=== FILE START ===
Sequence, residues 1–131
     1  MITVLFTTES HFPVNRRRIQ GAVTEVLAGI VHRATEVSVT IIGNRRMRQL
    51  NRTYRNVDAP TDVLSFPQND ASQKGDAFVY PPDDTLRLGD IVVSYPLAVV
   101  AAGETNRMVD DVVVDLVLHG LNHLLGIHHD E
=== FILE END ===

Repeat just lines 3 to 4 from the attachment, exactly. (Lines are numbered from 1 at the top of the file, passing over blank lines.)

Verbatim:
    51  NRTYRNVDAP TDVLSFPQND ASQKGDAFVY PPDDTLRLGD IVVSYPLAVV
   101  AAGETNRMVD DVVVDLVLHG LNHLLGIHHD E